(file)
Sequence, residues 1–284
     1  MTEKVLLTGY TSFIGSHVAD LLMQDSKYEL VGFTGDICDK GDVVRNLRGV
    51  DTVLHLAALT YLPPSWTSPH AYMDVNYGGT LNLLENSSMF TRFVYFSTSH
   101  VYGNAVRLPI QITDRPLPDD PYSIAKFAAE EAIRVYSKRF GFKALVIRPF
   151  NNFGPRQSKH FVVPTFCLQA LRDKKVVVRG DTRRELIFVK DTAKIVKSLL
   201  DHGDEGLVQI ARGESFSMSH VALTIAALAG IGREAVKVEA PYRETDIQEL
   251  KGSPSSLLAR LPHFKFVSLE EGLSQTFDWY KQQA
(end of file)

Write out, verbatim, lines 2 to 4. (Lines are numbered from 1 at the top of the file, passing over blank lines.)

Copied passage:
     1  MTEKVLLTGY TSFIGSHVAD LLMQDSKYEL VGFTGDICDK GDVVRNLRGV
    51  DTVLHLAALT YLPPSWTSPH AYMDVNYGGT LNLLENSSMF TRFVYFSTSH
   101  VYGNAVRLPI QITDRPLPDD PYSIAKFAAE EAIRVYSKRF GFKALVIRPF